The first thing I do at the start of a new year is to clear off my desk—not just to find places for all the physical odds and ends that have accumulated, but to organize my ideas, sorting through the various notebooks and scraps of paper where I’ve jotted down thoughts that came to me on the fly.
Many of these go into files for the half dozen or so books that I’m planning to write. But there are always some stray thoughts—ideas that strike me as being very interesting, but which I cannot figure out how to classify or where to file. And so I’ve decided to file them here in a New Year’s gallimaufry (which, by the way, is a hodgepodge or medley).
To possess the gospel is to be on fire with one perfect idea.
To love, I must give up everything else—absolutely everything—except love. Love is a commitment to eliminate everything that is not love.
As Christians there are only two ways we can look: toward the darkness of our own and the world’s sins, or toward the light of God’s grace and forgiveness in Christ. Since we cannot look both ways at once, it behooves us to face fully toward the light, and let the dark fall away, not just for our own sake, but because only thus are we moved to lavish upon God all the praise He deserves.
Always at Christmas I recall a wonderful story my friend Murray used to tell at his annual Carol Sing. At a Christmas Eve service he attended as a child, it seems the choir, in typically regal fashion, was processing down the center aisle which happened to feature a heating vent in the floor, one of those old fashioned wrought iron grates with an intricate design. One of the choir women wore high heels, one of which got stuck in the grating. She carried on as though nothing had happened, leaving her shoe behind, but the following woman stooped down in passing and with one graceful motion retrieved the abandoned shoe. The only trouble was that the grating came up with it, leaving a gaping hole into which the next woman tumbled, causing the one behind her to topple on top of her, and so on in a general tumult such as could not have been more beautifully orchestrated by a vaudeville team. Thankfully, no one was hurt.
To come to Christ is to experience your own creation. Angels, who were not born but were created whole spontaneously, were conscious at their creation. But we humans were unconscious, having no memory of this great event. It might even be argued that we remained unconscious (relatively speaking) until the moment we emerged from darkness into light and were born again in Christ. From that point on (if all goes well!) we remain wide awake, not only conscious of how God is making us into new creatures, but participating in our own creation.
People Jesus Did Not Heal:
1) Most Gentiles: the Syrophoenician woman (Mark 7) and the centurion’s servant (Luke 7) stand out as exceptions.
2) Many people in His hometown, where “He did not do many miracles because of their lack of faith” (Matt 13:58).
3) All the sick people He passed in His travels without stopping. Blind Bartimaeus (Mark 10) and the woman with a chronic hemorrhage (Luke 8) stand out as exceptions.
4) All the Scribes, Pharisees, and Saducees.
5) The lame man on the Temple steps, whom Jesus would often have passed but who was finally healed by Peter and John (Acts 3).
6) The invalid at the Pool of Bethesda, whom again Jesus would often have seen, but He made him wait.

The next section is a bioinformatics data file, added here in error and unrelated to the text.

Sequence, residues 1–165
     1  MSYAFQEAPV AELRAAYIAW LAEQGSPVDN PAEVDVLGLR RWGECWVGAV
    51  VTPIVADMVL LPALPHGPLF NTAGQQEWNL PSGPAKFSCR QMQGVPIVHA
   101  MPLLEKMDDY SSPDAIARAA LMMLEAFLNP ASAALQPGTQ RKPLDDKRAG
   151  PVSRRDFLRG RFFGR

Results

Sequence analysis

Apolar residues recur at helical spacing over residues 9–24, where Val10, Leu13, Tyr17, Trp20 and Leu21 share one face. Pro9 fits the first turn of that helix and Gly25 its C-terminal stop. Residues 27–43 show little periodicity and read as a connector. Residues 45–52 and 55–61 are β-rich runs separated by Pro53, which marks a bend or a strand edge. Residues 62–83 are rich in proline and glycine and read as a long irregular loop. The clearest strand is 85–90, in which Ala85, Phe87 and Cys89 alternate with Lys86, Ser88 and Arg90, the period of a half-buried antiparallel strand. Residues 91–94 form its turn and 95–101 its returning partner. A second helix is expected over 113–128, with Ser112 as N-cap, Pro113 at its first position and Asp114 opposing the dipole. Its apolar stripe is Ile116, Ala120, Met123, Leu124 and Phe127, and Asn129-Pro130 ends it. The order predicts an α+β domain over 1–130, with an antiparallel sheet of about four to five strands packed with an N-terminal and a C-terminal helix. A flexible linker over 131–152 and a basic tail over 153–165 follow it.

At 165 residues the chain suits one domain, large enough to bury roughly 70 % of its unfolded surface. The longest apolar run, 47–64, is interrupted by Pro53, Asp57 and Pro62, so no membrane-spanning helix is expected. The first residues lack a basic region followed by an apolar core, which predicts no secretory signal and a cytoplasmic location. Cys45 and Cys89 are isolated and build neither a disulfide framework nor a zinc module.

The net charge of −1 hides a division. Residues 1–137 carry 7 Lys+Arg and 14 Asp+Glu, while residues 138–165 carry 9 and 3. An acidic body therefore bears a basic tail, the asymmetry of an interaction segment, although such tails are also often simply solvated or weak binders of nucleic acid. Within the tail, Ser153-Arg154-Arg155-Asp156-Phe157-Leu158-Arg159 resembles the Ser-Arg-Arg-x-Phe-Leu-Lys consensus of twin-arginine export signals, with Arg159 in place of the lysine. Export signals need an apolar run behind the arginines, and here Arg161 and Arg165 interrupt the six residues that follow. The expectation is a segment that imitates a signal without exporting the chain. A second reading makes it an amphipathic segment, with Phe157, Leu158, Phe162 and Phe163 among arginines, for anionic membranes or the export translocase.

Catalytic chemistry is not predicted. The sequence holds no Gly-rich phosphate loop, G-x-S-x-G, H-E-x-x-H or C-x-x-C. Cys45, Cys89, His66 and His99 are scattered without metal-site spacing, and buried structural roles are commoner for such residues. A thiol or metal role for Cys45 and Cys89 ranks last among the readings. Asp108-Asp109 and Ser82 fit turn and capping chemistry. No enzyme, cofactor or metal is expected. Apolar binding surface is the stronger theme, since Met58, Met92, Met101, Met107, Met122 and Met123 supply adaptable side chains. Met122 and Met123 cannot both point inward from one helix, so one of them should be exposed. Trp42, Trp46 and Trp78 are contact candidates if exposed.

7) Lazarus was left in the tomb for three days before Jesus raised him.
At a smorgasbord there are often dishes you wish you could partake of, but there just isn’t room on your plate—not to mention in your stomach—for everything. In eternity this will not be a problem. Eternal life is a feast where you can keep going back to the table over and over, filling up your plate again and again without limit with the most delectable delicacies.
A group of Anglican bishops once came together for a conference in England. In the midst of a worship service one of the bishops, dressed to the nines in his ecclesiastical robes, was filled with an urge to dance, and he began drifting and floating around the sanctuary in a most unbishop-like fashion. Then another bishop joined him, and another, until soon the whole lot of them were fluttering about like a cloud of autumn leaves blown by the wind. And wind it was, too: the wind of the Holy Spirit. Hearing this story, I suddenly realized what all those gorgeous ecclesiastical robes are really for: dancing! Those rich fabrics and long, full skirts are made to flow. There’s nothing like dancing for breaking the hold of stodgy, churchy legalism. That’s why hypocrites hate it so. Many churches would do well to forget sermons and prayers for a while, roll up their carpets, and spend a few Sunday mornings just shaking out their sillies. Singing is very good for the lungs, but what about the rest of our bodies? Or is it only our tongues that are allowed to have fun?
Like the word ‘saved’, the term ‘Christian’ may have outlived its usefulness. Telling someone you are a Christian—to say nothing of an ‘evangelical’ or ‘born again’—can be a good conversation-stopper. I like coming up with new names to describe who I am. A name should be catchy and intriguing. ‘Christ-one’ is not bad: it preserves some of the flavor of the original term, but with a twist. Or how about ‘Christiam’? By changing one letter I combine two of God’s names—Christ + I am—and at the same time I proclaim the heart of “the mystery kept hidden for ages … which is Christ in you” (Col. 1:26-7). Carrying this word-play a little further, if you and I are ‘Christiams’ (or Christ-chums?) then our religion could be termed ‘Christiamity’. Now we’re getting somewhere! Here is a word that carries the clear implication that ‘amity’, or friendship, is what we are all about. Better still, why not be like the Quakers and just call ourselves ‘Friends’?
Next Post: It’s You I Like: The Gospel According to Mister Rogers